‘The Princess and The Pea’: Our bedraggled heroine reacts with dismissive glee at the prince’s comment about his royal parents’ assumption of a pea causing discomfort to a real princess: ‘Delicate!’ She exclaims. ‘Tell that to the bandits I fought last week! Or the dragon!’ (page 3). The prince, meanwhile, is a dreamy, story-loving, lute-playing painter.
‘Cinderella’: kindness, resourcefulness and the ability to talk to birds, are foremost attributes above youth or beauty. The heroine is a grandmother, and her godmother is older still; quite wonderfully gnarled. She gives her a flowing gown with an embroidered shawl (no tight corsets for this lady!) and boots with only a strip of glass. With her wit and wisdom, she charms the widowed King, before ever having to lose a shoe at all, let alone risk her neck in a carriage that turns unreliably into a pumpkin. All the while, her granddaughter woos the Prince. (She charms Charming, and Charming is charmed.) Family dynamics differ only superficially from the traditional tale. Essential elements are at play, with goodness triumphing over greed.
‘The Swan Maiden’: a short, pithy retelling with a satisfying twist - no spoilers!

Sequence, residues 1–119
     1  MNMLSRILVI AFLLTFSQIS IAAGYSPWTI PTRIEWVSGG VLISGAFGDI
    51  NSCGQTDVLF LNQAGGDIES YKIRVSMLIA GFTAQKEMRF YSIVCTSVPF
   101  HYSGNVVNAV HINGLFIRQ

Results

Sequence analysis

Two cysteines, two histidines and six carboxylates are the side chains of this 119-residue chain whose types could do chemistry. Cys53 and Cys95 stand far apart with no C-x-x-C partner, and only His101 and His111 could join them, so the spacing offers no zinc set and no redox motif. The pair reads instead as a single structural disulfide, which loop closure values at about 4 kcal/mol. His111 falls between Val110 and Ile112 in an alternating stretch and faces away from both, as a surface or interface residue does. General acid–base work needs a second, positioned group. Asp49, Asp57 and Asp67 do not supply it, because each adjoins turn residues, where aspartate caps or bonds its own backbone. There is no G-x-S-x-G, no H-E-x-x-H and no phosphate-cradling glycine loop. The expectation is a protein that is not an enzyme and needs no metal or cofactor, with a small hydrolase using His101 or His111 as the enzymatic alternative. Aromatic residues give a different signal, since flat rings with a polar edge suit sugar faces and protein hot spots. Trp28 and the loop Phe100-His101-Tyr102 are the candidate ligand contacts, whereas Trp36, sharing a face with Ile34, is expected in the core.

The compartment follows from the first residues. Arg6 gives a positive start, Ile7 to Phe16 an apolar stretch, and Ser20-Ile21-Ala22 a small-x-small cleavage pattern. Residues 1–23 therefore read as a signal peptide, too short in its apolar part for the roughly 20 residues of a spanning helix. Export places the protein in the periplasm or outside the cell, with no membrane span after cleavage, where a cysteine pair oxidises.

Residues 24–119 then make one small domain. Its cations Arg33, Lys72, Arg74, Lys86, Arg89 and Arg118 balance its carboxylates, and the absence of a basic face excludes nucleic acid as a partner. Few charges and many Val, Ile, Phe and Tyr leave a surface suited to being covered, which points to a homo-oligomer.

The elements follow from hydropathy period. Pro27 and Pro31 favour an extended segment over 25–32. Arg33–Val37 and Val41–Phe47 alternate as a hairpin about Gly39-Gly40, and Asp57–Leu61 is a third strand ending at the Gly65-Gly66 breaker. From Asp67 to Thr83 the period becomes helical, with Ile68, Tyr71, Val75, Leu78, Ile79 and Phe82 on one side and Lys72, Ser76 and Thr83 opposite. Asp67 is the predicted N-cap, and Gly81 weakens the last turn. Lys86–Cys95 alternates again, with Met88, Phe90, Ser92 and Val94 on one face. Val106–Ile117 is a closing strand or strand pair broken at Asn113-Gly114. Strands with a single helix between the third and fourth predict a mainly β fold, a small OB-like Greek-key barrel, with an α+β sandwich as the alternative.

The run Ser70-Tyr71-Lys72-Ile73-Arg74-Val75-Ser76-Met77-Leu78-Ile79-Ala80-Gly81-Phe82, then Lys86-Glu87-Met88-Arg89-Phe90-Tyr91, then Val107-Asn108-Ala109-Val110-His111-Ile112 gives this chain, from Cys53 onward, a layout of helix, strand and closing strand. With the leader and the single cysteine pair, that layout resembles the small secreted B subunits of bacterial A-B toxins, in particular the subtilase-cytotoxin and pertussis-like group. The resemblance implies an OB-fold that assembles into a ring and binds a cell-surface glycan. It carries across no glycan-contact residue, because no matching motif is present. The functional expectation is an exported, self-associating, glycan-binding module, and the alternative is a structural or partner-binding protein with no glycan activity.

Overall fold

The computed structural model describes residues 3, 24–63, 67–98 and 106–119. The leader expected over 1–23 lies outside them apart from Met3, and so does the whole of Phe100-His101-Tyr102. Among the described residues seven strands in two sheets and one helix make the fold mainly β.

|The Beast in 'Beauty and the Beast'|
‘Beauty and the Beast’: For a depiction of harrowing loneliness, integrity, abiding loyalty and a stirring development of love between two women, look no farther than this poignant love story. It is by far, in my view, the most emotive story in Barrow’s collection.
|Princess Holding the Golden Ball in 'The Frog Prince'|
‘The Frog Prince’: First half of this retelling resembles traditional versions rather closely, which suits my taste as I had always loved those. This makes it a marvellous surprise, when someone speaks out against the King, like a bell sounding from one age to another: the Queen contradicts him - and he heeds her advice! I won’t reveal what it is, nor what happens next, but it’s cute. Except perhaps for the very end, depending on quite how romantic you are!
‘Snow White’: Here is a twirl of a tale, nipped in the bud by the snap, chink and frost of wisdom. A charming reversal, even a pun, on holding and beholding?
‘Allerleirauh’: Reminding me a little of an Amerindian story retold in World Tales by Idries Shah (perhaps because of the motif of a cloak), this story provides intercultural contrast with more widely known, predominantly European fairytales.
‘The Goose Girl’: One of my favourite childhood tales that invited rampant, dubious colouring-in with rainbow pencils. I relished the chance to revisit this plethora of incantation and transmigration of souls across human and animal forms. Cool totemic stuff.
‘The Little Mermaid’: A charming conclusion to a delightful collection. Dive in - I dare you!
In my copy of the book, Erin-Claire pencilled me a drawing, after we met at Australian Fairy Tale Society events in two States. The pic depicts a woman in a flowing floral dress, her elbow resting on a table. She surveys a map, like those of epic fantasy. Whether she is planning her next move - strategy, creation, quest - or dallying in reverie, is a mystery. This whimsy speaks to the perceptiveness and generosity of Erin-Claire, who is also tenacious, financing her publication via crowdfunding. At a Fairy Tale Ring, people pounced upon the book.
Website of Erin-Claire Barrow